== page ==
Excellencies and distinguished delegates,
INTRODUCTION AND SINGAPORE’S CONTEXT
1. Protecting the environment and the health of people is a central element to the attainment of sustainable development. Statistics have long shown that proper control of pollution tends to correlate with economic growth, especially for many developing countries. Singapore thus takes pollution issues seriously. As a small island city state of 720 square kilometres and with no natural resources, the challenges of pollution are more acute for Singapore.
SUSTAINABLE SINGAPORE BLUEPRINT
2. Even as Singapore develops and makes steady economic progress over the past 52 years since our independence, we have continued to place emphasis on sustainable development. As part of our efforts to sustain this, we have come up with the Sustainable Singapore Blueprint 2015, which sets out our national vision and plans on sustainable development until 2030. The Sustainable Singapore Blueprint is a living document that undergoes regular reviews to maintain its relevance.
3. In the interest of time, I will draw focus on policies related to waste and water management, which are integral to the theme of a resource efficient and pollution-free Asia Pacific.
4. To address waste upstream, Singapore works towards inculcating the 3R (Reduce, Reuse and Recycle) approach. We have launched the National Recycling Programme since 2001 to raise public awareness about recycling and to encourage individuals to recycle more. We also enforce strict anti-littering laws to keep the country clean.
5. To address waste downstream, we have an integrated waste management system to minimise waste at source and ensure proper waste recycling and disposal. All incinerable wastes, including plastics that are not recycled, are disposed of at modern waste-to-energy incineration plants equipped with advanced air pollution control systems. Non-incinerable wastes and ash from the incineration process are disposed of at leachate-free off-shore landfills.
6. Through these concerted efforts, the overall recycling rate in Singapore has increased. We have also set a target to achieve 65 per cent overall waste recycling by 2020 and 70 per cent by 2030 to help meet our goal of moving “Towards a Zero Waste Nation”.
7. Turning to water, being a small island state with an increasing demand for water, Singapore makes every drop of water count. We achieve this by adopting three key strategies: one, collect every drop; two, re-use water endlessly; and three, desalinate seawater.
8. Singapore works closely with the private sector to lower water consumption. This includes launching the Water Efficient Building Certification Programme in 2004 and incentivising water efficiency using the Water Efficiency Fund scheme that started in 2007. This is especially important as non-domestic use is expected to increase from 55 per cent of water demand today to 70 per cent by 2060.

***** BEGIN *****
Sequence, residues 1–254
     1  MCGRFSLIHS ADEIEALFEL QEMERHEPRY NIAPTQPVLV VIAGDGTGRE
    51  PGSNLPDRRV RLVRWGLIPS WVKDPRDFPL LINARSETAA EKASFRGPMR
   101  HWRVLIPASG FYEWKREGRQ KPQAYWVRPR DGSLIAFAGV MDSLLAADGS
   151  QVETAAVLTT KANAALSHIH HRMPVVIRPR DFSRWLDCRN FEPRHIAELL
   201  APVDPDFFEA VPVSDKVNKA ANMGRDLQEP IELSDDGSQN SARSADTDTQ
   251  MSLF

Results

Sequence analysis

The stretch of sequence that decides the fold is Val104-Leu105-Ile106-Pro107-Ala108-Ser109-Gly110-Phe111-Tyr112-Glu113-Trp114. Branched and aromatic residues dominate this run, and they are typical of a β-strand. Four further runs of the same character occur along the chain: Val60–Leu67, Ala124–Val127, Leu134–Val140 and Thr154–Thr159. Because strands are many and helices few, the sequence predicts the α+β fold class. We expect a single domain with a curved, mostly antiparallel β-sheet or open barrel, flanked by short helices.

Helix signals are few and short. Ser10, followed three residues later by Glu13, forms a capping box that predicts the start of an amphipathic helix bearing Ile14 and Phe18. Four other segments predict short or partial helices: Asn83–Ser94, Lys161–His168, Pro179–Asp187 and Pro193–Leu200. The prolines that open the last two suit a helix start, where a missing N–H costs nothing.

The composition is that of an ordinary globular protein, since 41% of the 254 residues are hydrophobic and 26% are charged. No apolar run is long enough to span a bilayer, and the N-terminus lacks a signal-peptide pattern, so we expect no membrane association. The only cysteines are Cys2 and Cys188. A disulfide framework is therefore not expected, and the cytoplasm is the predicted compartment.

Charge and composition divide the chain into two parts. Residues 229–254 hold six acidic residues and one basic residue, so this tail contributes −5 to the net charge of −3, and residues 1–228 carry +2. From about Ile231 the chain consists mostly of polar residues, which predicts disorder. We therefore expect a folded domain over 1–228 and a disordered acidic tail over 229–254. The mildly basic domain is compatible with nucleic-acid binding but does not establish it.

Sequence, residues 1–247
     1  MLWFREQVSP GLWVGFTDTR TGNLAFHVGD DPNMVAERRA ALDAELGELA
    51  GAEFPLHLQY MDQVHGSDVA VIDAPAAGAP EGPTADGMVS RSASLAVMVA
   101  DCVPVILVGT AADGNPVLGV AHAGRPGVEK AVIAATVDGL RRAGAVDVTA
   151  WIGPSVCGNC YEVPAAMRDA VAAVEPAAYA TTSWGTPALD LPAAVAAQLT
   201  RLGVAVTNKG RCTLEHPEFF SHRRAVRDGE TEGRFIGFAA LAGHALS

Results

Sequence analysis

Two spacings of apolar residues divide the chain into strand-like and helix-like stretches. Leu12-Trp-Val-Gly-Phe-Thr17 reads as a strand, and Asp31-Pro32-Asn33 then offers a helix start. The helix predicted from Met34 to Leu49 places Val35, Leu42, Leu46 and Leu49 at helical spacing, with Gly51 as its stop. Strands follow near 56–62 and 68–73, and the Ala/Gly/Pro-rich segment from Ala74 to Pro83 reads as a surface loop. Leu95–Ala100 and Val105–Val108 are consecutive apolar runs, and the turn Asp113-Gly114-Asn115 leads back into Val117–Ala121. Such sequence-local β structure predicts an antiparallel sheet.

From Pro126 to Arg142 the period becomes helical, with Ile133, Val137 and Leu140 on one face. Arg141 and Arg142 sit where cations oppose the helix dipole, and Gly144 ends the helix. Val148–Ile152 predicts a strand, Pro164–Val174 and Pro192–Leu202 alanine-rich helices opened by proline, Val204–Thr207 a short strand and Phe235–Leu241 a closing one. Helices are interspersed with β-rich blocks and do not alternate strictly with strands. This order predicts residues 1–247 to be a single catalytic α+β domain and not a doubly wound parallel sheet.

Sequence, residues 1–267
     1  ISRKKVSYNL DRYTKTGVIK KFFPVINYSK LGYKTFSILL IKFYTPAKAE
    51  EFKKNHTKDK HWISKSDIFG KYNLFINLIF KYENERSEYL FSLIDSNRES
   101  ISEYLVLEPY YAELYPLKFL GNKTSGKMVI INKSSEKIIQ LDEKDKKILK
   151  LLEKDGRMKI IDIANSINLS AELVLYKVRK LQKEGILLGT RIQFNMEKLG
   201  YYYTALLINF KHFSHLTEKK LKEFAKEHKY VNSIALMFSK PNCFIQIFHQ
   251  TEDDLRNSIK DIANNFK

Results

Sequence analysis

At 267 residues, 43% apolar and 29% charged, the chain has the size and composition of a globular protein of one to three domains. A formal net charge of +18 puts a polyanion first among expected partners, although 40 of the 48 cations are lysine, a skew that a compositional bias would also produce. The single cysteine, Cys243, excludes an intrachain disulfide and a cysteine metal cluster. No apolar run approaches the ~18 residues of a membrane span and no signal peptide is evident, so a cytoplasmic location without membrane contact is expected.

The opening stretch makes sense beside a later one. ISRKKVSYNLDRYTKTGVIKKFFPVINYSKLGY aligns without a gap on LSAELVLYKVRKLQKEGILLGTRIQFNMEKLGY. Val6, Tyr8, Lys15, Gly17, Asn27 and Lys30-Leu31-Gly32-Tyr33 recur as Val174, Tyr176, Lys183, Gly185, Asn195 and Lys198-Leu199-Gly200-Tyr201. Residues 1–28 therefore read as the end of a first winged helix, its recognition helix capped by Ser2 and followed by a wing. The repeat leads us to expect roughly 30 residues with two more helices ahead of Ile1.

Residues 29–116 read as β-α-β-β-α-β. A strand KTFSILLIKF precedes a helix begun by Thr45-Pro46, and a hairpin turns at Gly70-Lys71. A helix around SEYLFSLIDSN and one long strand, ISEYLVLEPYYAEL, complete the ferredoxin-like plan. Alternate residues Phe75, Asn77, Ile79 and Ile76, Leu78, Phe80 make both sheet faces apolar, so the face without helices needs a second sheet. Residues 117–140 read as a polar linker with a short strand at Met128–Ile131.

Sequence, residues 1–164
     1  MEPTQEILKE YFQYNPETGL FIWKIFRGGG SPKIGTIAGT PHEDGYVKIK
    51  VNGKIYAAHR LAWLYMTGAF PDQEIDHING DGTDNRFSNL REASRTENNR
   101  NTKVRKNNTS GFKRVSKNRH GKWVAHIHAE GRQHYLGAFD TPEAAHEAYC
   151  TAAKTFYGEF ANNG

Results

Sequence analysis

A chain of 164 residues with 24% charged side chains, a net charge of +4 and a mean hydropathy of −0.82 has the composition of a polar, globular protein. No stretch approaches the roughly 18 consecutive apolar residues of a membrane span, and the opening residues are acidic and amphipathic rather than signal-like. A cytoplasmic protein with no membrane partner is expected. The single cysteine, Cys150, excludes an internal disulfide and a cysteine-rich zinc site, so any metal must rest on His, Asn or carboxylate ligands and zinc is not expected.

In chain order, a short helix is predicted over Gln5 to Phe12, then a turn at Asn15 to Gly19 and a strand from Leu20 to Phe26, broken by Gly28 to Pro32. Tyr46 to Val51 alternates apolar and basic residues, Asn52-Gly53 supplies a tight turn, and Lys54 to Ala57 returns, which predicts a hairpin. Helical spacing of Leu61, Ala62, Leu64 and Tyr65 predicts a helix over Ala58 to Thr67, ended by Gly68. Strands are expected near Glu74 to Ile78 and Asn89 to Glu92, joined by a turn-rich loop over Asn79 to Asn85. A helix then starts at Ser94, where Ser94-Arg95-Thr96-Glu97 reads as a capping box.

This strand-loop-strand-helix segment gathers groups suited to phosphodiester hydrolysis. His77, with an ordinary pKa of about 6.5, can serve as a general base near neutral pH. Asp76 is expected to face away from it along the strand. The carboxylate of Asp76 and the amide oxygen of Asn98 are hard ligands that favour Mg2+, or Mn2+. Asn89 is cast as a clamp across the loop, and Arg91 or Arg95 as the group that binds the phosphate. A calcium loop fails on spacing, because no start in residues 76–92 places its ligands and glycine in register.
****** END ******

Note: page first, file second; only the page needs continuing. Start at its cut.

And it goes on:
9. We also have in place measures to ensure households and industries use water efficiently by getting them to adopt water-efficient fittings and appliances that can help conserve water. The recently introduced mandatory Water Efficiency Labelling Scheme helps consumers choose their products such as taps, flushing cisterns, urinals, washing machines, and other appurtenances wisely.
10. Given that reclaimed water and desalinated water are part of our sources of water, we implement stringent and comprehensive policies to control and manage wastewater. Singapore’s sewerage system covers the entire country. All trade effluent discharged to the sewer must comply with our trade effluent regulations to ensure that it is suitable for water reclamation and subsequent processing into Singapore’s brand of reclaimed water called NEWater. Surplus used water not recycled into NEWater is collected and treated to internationally recognised standards before discharge. Singapore also does regular water quality monitoring of our water bodies to ensure that they meet international water quality standards.
11. Singapore does its part in reducing its resource and pollution footprints. However, localised pollution control efforts alone are not enough in achieving a pollution-free planet because pollution crosses borders through carriers, such as air and water.
12. Therefore, it is important for countries to adopt holistic strategies, including cooperating to address transboundary pollution. Every country must also do its part in the collective effort in minimising pollution from source. In addition, multilateral and regional bodies, such as UN Environment and UN ESCAP, play an important role in facilitating effective implementation through capacity building.
SINGAPORE COOPERATION PROGRAMME
13. As a responsible international citizen, Singapore also shares our experience on sustainable development. Under the Singapore Cooperation Programme, we have since shared our know-how on waste and water management, and broader sustainability and environmental issues. To date, more than 100,000 officials from fellow developing countries have undergone such training.
14. In conclusion, Singapore stands ready to contribute to the discussions here as well as the vision of a resource-efficient and pollution-free Asia Pacific region. Thank you.